Thursday, May 24, 2007

Private sector gets nuclear button

One thing is certain in the government’s white paper – energy production will remain in the hands of the private sector and be subject to the laws of the capitalist market. Trade and industry secretary Alistair Darling has thrown up his hands in the face of future uncertainty, using this as the excuse to leave all major decisions with companies who he says “are best placed to weigh up and manage the complex range of interrelated factors affecting the economics of energy investments”. So if they can’t make a profit it won’t happen. Why private companies are better placed to take decisions than governments isn’t explained. But you couldn’t ask for a better illustration of the subordination of government to global corporations. BP immediately responded by cancelling a major investment in carbon capture and storage in Scotland. The corporation’s reason? A delay to the expected government subsidy caused by the newly-announced five-month nuclear consultation period.

Once the consultation is over, private energy companies will be invited to invest billions of pounds in new nuclear plants. But according to Greenpeace director John Sauven: “If ministers go down the nuclear route they will strangle the new, clean energy technologies of the investment and political support they need. Reaching for nuclear power to fight climate change is like an obese person taking up smoking to lose weight. It's a dangerous and expensive distraction in the fight against global warming." Just in case anyone is thinking of complaining, Darling warns that “alongside the nuclear consultation, the government is proceeding, on a contingent basis, with a range of facilitative actions to reduce regulatory and planning risks to prepare for the possibility that the government concludes that it is in public interest to allow private sector companies the option of investing in new nuclear power stations.” Which, in plain English, means it’s a done deal.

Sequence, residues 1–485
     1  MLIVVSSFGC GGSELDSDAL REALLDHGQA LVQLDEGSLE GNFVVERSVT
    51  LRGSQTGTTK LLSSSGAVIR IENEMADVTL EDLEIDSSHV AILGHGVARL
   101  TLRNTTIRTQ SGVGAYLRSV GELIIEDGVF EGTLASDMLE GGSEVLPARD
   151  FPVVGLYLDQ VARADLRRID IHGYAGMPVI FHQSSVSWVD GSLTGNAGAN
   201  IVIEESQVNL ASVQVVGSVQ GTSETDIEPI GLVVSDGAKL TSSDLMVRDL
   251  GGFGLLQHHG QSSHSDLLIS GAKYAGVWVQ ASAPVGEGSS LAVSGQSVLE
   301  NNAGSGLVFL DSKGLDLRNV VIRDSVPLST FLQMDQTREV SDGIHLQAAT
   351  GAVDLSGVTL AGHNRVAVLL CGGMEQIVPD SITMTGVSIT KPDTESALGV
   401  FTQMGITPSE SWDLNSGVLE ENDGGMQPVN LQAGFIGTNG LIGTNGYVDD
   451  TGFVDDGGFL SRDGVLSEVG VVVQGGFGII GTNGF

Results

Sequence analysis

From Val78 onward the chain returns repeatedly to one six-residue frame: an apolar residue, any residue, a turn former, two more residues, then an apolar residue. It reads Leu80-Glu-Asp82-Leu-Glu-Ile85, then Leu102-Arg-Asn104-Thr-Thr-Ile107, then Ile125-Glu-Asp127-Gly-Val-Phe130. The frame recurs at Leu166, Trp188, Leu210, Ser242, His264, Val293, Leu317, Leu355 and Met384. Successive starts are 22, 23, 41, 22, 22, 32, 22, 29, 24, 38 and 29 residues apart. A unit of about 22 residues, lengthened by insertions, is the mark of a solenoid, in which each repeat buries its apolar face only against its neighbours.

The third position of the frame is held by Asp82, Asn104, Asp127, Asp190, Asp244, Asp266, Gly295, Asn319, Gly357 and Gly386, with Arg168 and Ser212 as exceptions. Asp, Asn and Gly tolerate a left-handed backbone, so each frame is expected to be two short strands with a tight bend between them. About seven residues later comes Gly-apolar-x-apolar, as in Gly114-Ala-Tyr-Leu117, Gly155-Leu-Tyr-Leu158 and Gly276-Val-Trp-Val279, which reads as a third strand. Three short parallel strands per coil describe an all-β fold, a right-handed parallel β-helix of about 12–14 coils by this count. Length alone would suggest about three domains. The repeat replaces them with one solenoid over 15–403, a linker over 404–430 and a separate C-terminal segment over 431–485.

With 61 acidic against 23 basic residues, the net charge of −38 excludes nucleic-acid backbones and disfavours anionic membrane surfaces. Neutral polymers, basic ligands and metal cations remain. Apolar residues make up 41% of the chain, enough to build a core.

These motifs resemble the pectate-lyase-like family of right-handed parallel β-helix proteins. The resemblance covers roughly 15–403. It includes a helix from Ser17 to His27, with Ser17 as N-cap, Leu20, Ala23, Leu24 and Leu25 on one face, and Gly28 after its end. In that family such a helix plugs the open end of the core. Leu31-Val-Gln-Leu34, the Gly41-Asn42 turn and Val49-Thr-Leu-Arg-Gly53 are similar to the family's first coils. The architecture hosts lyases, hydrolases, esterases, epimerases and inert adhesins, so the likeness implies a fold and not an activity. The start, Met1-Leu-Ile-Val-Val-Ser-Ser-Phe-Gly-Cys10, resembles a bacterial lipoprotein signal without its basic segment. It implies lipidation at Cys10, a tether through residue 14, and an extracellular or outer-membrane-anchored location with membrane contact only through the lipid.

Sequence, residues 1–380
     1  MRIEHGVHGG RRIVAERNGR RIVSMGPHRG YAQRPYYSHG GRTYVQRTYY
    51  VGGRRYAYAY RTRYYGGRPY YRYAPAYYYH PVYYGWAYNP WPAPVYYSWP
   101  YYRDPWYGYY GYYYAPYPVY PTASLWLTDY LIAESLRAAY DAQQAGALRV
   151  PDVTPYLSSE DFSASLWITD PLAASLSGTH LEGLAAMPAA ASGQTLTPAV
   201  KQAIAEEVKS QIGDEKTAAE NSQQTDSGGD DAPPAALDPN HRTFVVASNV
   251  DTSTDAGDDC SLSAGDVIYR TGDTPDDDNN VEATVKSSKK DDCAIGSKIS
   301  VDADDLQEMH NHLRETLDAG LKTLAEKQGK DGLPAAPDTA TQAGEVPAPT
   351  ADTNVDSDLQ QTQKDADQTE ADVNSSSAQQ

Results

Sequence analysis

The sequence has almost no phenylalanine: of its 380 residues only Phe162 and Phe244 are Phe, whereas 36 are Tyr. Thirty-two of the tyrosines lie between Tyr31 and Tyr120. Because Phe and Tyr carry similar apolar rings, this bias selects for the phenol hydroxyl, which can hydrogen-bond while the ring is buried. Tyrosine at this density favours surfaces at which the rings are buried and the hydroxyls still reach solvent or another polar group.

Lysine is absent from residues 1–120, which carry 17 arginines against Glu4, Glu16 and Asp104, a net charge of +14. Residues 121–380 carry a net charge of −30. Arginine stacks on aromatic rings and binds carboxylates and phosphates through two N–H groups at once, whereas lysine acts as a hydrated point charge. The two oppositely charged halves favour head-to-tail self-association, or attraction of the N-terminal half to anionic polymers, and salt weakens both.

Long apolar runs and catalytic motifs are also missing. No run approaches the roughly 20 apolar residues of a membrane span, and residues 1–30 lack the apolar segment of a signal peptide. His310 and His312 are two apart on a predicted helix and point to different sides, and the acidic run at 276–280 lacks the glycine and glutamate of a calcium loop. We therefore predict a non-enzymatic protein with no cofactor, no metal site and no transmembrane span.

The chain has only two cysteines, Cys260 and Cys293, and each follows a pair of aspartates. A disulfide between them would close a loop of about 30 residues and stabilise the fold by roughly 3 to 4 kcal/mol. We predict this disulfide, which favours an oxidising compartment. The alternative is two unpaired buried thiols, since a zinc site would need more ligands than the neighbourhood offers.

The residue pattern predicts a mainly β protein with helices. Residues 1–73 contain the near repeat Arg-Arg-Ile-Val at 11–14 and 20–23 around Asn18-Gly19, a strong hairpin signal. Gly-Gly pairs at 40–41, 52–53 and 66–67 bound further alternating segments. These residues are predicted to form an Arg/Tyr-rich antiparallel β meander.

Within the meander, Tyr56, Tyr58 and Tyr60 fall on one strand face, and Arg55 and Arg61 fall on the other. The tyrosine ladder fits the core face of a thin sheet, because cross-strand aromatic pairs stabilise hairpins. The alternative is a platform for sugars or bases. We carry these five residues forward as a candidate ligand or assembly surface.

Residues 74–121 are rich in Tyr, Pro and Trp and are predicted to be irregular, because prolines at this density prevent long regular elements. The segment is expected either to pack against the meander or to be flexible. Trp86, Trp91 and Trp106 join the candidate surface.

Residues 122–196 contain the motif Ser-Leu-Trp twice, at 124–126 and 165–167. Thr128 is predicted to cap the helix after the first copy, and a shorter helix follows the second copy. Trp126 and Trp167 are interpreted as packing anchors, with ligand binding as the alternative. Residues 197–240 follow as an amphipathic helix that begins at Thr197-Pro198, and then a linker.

Sauven is the one distracted by a government world-famous for its ways of distorting the truth. All the talk in the white paper about the need to reduce carbon emissions is little more than window dressing. There’s plenty to read about the advantages of distributed, local low-carbon energy generation (DG), but the same old uncertainty rules – or is made to rule. “It is generally believed that transmission and distribution infrastructure costs would be lower with increased DG. However, the location-specific nature of these costs means that it has not been possible to model this effectively.” Better to leave it to the private sector then. “The market is best placed to decide which technologies are most effective in supplying the UK’s energy whilst also meeting our carbon reduction goals.”

AWTW’s crash programme to halt climate chaos says:

  • return energy supply to public ownership to put an end to market-driven pricing, moving to decentralised generation of electricity and heat
  • expand investment in wind, wave, tidal and solar power and make research into non-carbon power sources a national priority
  • scrap plans for new nuclear power stations and make solar panels available free to all households where they are suitable

Join us on June 9th to discuss ways of making this happen.

Gerry Gold, economics editor

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